Time is of the essense for both of these treatments. The drug must be given within 4 1/2 hours of the symptoms beginning, and the procedure must be done within 6 to 8 hours of the symptoms starting. In some cases the procedure can be given up to 24 hours after symptoms begin to manifest, depending on the patient.

If the drug TPA is given to the patient after the initial 4 1/2 hour window, it can make other treatments more difficult, and the drug may lose it’s effectiveness.

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Can mild strokes be prevented?

The prevention of mild strokes involve primarily the controlling or eliminating the risk factors that cause atheroscleroris or plaque build up.

Atherosclerosis or plaque build up consists of fats, cholesterol, and other substances that build up on the walls of the arteries. These risk factors are obesity, smoking, high blood pressure or hypertension, diabetes, and dyslipidemia.

Other risk factors include previous mild strokes, cardiovascular disease, peripheral vascular disease, and other heart, and cardiovascular issues.  Preventative measures include blood thinning, and anti-coagulating drugs.

In addition, stents which are plastic or metal tubes or cylinders placed within an artery in order to keep it open permanently are utilized in some instances to provide prevention in patients that have already had a stroke, or are considered a likely candidate for one to occur.

Signs mild stroke
Eating fresh, raw, organic fruits and vegetables can dramatically lower your risk of mild and more severe stroke.

Natural mild stroke prevention

Natural preventative measures include adding potassium, magnesium, vitamin C, and vitamin B to the diet, or through supplementation.

Organic, raw, unprocessed, unrefined, no additives, no preservatives, fruits, vegetables, nuts, seeds, legumes, and whole grains are the dietary basics to provide all of the nutrients needed to help prevent mild strokes, as well as prevent many other conditions, and diseases.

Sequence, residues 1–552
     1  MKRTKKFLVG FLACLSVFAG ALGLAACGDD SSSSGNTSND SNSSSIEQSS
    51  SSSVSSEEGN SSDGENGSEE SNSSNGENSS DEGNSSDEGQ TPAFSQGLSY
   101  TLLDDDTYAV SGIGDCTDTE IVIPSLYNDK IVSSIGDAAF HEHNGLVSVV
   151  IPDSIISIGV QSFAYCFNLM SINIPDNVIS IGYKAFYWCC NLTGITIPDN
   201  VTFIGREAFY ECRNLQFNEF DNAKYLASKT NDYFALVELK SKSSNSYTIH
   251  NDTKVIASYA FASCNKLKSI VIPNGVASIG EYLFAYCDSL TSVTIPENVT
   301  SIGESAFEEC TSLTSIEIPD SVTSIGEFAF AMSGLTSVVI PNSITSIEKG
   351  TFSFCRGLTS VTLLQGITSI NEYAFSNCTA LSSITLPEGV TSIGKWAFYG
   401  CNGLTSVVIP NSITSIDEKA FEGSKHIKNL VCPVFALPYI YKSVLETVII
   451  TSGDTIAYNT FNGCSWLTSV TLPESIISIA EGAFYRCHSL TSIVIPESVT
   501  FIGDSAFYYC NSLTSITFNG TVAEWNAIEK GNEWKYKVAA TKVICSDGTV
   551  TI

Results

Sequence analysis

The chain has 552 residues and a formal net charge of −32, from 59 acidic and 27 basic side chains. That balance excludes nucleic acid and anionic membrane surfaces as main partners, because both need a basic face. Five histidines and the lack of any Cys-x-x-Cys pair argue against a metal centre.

This also means lowering or eliminating your intake of red meats, and fried foods which contain saturated fats that can clog arteries.

Exercise, meditation, and relaxation can also help to prevent mild strokes.

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Specifically the best foods and herbs to help prevent tia’s or mini strokes are:

Caution: Always check with your medical doctor before attempting any self treatments or remedies, especially if you are already under a doctor’s care for this condition.

Salmon  The anti-inflammation fighting Omega 3 fatty acids in fish like salmon can help lower your risk of mild stroke significantly by reducing inflammation in the arteries. Salmon will help improve blood flow, and lower the chance of developing clots and obstructions.

Bananas  The potassium content found in bananas can decrease the likelihood of mild strokes as much as 38%.

Almonds  Almonds have the ability to raise your HDL or good cholesterol, and lower your LDL or bad cholesterol. In addition almonds are loaded with vitamin E which can help keep plaque from building up on your artery walls.

Blueberries  These anti-oxidant packed powerhouses help widen your arteries increasing blood flow, and simultaneously reduce inflammation.

Oatmeal  Oatmeal is effective in lowering your LDL or bad cholesterol due to it’s content of soluble fiber.  In so doing, it prevents plaque build up in your arteries and blood vessels in the area of your brain.

Sweet Potatoes or Yams Another potassium rich vegetable will help lower your mild stroke risk.

Ginger  Ginger helps by lowering cholesterol, and improving cardiovascular circulation, inhibits blood clotting, and strengthens the heart.

Garlic this amazing herb can help lower blood pressure, defend against blood clots, lowers cholesterol and triglycerides,

Gingko Biloba  this versatile herb can increase blood flow to the brain, helps prevent blood clots, strenghtens capillaries, and also inhibits the formation of free radicals. A good preventative, and is also used to treat stroke related problems.

Turmeric also know as Curcumin, this multi faceted spice can help regenerate brain cells, and inhibit the formation of blood clots.

Turmeric can also thin the blood, relax and widen the blood vessels which may help lower your blood pressure, and can lower your cholesterol.

Other potassium rich foods that will also help lower your blood pressure, one of the risk factors for mild strokes, include watermelon, dates, oranges, apricots, pomegranates, cucumbers, peas, mushrooms, and broccoli.